A gas mixture composed of 12% CO2, 10% H2 O, 4% O2, 20ppm SO2, 440ppm NO and 733ppm nitroethane was passed over a catalyst at a space velocity of 50,000/hr according to another embodiment of the present invention. The inlet temperature was 411 C. The catalyst consisted of a cylindrical monolith, 400 cells/in2, 1 inch diameter by 1.5 inch long. The catalyst has 35% by weight of washcoat consisting of a copper exchanged ZSM5 zeolite with a silica to alumina ratio of 30. The zeolite had been copper exchanged such that it contained approximately 4 weight percent copper. A NO conversion of 44% was obtained under these conditions. Since nitroethane is water soluble it therefore can be injected either as an aqueous solution, a pure liquid or as an aqueous of pure spray.

Patent Citations
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Referenced by
Citing PatentFiling datePublication dateApplicantTitle
US5612010 *Jan 30, 1995Mar 18, 1997Gas Metropolitain & Company, LimitedSelective catalytic reduction of nitrogen oxides
US5741468 *Jun 6, 1995Apr 21, 1998Kabushiki Kaisha RikenExhaust gas cleaner and method for cleaning exhaust gas
US6555080 *Jul 13, 2001Apr 29, 2003Chevron U.S.A. Inc.Using zeolite SSZ-57 for reduction of oxides of nitrogen in a gas stream
US7481983Aug 23, 2004Jan 27, 2009Basf Catalysts LlcZone coated catalyst to simultaneously reduce NOx and unreacted ammonia
US7767176Dec 18, 2008Aug 3, 2010Basf Catalysts LlcZone coated catalyst to simultaneously reduce NOx and unreacted ammonia
EP2664379A1 *Aug 22, 2005Nov 20, 2013Engelhard CorporationZONE COATED CATALYST TO SIMULTANEOUSLY REDUCE NOx AND UNREACTED AMMONIA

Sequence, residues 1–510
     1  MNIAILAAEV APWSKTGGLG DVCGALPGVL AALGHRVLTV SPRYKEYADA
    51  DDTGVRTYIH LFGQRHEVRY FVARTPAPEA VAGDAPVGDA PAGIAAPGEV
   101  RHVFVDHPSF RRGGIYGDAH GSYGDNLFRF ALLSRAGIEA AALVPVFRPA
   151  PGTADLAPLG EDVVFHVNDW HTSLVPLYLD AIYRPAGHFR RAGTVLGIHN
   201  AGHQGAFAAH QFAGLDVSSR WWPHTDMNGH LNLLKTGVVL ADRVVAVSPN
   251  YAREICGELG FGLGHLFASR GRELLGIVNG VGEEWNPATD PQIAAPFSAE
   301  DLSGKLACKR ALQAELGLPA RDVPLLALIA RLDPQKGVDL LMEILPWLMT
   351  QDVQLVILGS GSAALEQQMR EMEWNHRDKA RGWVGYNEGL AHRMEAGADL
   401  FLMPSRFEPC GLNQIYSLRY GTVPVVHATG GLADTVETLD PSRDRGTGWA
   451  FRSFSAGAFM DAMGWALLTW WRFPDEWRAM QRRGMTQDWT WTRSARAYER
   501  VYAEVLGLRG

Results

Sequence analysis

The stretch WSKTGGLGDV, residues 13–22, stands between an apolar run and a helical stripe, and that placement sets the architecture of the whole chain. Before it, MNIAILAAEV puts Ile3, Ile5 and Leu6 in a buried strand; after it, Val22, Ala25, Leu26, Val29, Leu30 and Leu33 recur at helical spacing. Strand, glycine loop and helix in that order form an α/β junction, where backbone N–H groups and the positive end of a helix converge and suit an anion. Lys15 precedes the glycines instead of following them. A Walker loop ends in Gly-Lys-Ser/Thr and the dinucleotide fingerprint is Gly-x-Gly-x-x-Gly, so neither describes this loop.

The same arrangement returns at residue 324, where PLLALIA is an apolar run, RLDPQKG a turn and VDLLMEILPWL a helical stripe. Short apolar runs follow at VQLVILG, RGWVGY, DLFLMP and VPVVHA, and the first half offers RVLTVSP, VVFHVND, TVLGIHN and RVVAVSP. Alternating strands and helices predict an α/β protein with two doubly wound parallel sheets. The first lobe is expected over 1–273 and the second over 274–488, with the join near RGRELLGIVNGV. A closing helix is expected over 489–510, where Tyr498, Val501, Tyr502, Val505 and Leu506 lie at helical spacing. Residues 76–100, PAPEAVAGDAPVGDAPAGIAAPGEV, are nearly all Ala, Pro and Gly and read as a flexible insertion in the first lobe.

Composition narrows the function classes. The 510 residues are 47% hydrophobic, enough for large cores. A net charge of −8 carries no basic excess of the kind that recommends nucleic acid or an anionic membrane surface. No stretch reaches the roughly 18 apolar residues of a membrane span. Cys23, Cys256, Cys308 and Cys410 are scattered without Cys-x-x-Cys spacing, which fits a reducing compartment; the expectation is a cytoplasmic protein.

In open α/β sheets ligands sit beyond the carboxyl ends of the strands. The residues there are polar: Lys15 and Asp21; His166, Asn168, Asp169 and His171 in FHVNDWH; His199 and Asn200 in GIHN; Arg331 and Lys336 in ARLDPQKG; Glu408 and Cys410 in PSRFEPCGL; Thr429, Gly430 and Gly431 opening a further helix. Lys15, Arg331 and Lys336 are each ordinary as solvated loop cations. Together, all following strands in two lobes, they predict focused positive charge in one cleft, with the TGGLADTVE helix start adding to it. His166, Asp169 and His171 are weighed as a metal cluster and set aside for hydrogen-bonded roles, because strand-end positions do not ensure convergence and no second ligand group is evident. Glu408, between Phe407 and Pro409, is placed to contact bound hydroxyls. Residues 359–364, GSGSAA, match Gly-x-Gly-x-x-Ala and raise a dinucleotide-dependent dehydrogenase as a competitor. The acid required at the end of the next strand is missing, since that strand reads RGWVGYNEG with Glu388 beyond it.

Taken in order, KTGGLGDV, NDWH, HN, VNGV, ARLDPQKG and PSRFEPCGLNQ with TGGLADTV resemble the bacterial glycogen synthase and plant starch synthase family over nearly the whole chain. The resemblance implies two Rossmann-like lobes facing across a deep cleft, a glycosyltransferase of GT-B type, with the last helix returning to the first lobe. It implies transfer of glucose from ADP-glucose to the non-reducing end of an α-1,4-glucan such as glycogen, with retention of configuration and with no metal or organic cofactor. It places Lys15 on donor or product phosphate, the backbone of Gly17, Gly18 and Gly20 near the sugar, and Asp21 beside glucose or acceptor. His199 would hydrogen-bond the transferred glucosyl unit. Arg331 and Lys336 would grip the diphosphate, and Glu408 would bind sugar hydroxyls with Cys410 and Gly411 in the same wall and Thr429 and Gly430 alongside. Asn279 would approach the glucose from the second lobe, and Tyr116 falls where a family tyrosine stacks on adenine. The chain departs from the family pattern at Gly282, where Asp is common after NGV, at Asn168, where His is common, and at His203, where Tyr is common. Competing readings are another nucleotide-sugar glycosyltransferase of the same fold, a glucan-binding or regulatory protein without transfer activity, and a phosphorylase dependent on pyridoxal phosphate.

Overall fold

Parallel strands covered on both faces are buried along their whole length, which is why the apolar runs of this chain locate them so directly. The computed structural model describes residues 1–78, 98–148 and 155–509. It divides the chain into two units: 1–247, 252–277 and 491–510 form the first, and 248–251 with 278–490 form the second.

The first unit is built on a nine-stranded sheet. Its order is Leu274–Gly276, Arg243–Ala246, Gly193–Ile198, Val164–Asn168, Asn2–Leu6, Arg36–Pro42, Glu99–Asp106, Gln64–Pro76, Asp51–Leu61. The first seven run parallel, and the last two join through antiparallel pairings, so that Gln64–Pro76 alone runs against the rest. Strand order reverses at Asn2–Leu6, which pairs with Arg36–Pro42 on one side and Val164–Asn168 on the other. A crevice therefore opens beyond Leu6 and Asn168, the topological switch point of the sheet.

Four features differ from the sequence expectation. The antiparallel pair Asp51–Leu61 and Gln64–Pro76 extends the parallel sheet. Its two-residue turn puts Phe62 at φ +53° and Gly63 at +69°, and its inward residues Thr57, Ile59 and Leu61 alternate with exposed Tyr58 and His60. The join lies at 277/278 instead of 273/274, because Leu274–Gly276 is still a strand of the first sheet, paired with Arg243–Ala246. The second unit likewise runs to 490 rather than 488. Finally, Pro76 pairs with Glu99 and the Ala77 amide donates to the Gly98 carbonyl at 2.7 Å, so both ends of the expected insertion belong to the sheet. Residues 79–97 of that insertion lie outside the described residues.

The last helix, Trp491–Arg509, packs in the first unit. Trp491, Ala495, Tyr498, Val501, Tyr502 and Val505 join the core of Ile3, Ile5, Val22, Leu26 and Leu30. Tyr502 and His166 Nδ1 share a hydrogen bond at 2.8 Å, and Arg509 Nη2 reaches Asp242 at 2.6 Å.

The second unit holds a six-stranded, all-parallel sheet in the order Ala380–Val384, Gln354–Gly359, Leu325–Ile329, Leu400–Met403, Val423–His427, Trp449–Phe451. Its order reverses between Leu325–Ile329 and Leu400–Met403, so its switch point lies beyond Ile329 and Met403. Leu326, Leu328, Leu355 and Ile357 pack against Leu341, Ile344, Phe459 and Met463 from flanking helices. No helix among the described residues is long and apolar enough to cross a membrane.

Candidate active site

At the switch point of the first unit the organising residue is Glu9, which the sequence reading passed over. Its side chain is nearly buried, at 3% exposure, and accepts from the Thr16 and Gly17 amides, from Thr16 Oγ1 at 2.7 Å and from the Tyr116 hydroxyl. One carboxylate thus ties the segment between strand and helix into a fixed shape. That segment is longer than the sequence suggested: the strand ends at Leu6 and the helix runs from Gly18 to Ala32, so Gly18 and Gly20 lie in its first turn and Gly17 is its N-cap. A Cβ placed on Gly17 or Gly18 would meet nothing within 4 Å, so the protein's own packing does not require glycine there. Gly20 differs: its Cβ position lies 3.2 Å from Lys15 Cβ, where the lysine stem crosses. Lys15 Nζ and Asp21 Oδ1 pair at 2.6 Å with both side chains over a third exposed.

WO1995027128A1 *Apr 3, 1995Oct 12, 1995William Galen Ii BrownThree-way catalytic oxidizer for diesel engines
WO2006023932A1 *Aug 22, 2005Mar 2, 2006Engelhard CorpZONE COATED CATALYST TO SIMULTANEOUSLY REDUCE NOx AND UNREACTED AMMONIA
Classifications
U.S. Classification423/213.7, 423/239.2, 423/212, 423/235
International ClassificationB01D53/94
Cooperative ClassificationY02T10/22, B01D53/9459, B01D53/945, B01D53/9418, B01D2255/504, B01D2251/208, B01D2251/21
European ClassificationB01D53/94M, B01D53/94F2C2, B01D53/94L2
Legal Events
DateCodeEventDescription
May 26, 1994ASAssignment
Owner name: FORD MOTOR COMPANY, MICHIGAN
Free format text: ASSIGNMENT OF ASSIGNORS INTEREST;ASSIGNORS:LOGAN, ANTHONY DAVID;MONTREUIL, CLIFFORD N.;REEL/FRAME:006998/0782;SIGNING DATES FROM 19931217 TO 19931221
Mar 9, 1998FPAYFee payment
Year of fee payment: 4
Jan 8, 2001ASAssignment
Owner name: FORD GLOBAL TECHNOLOGIES, INC. A MICHIGAN CORPORAT
Free format text: ASSIGNMENT OF ASSIGNORS INTEREST;ASSIGNOR:FORD MOTOR COMPANY, A DELAWARE CORPORATION;REEL/FRAME:011467/0001
Effective date: 19970301
Mar 7, 2002FPAYFee payment
Year of fee payment: 8
Mar 28, 2006FPAYFee payment
Year of fee payment: 12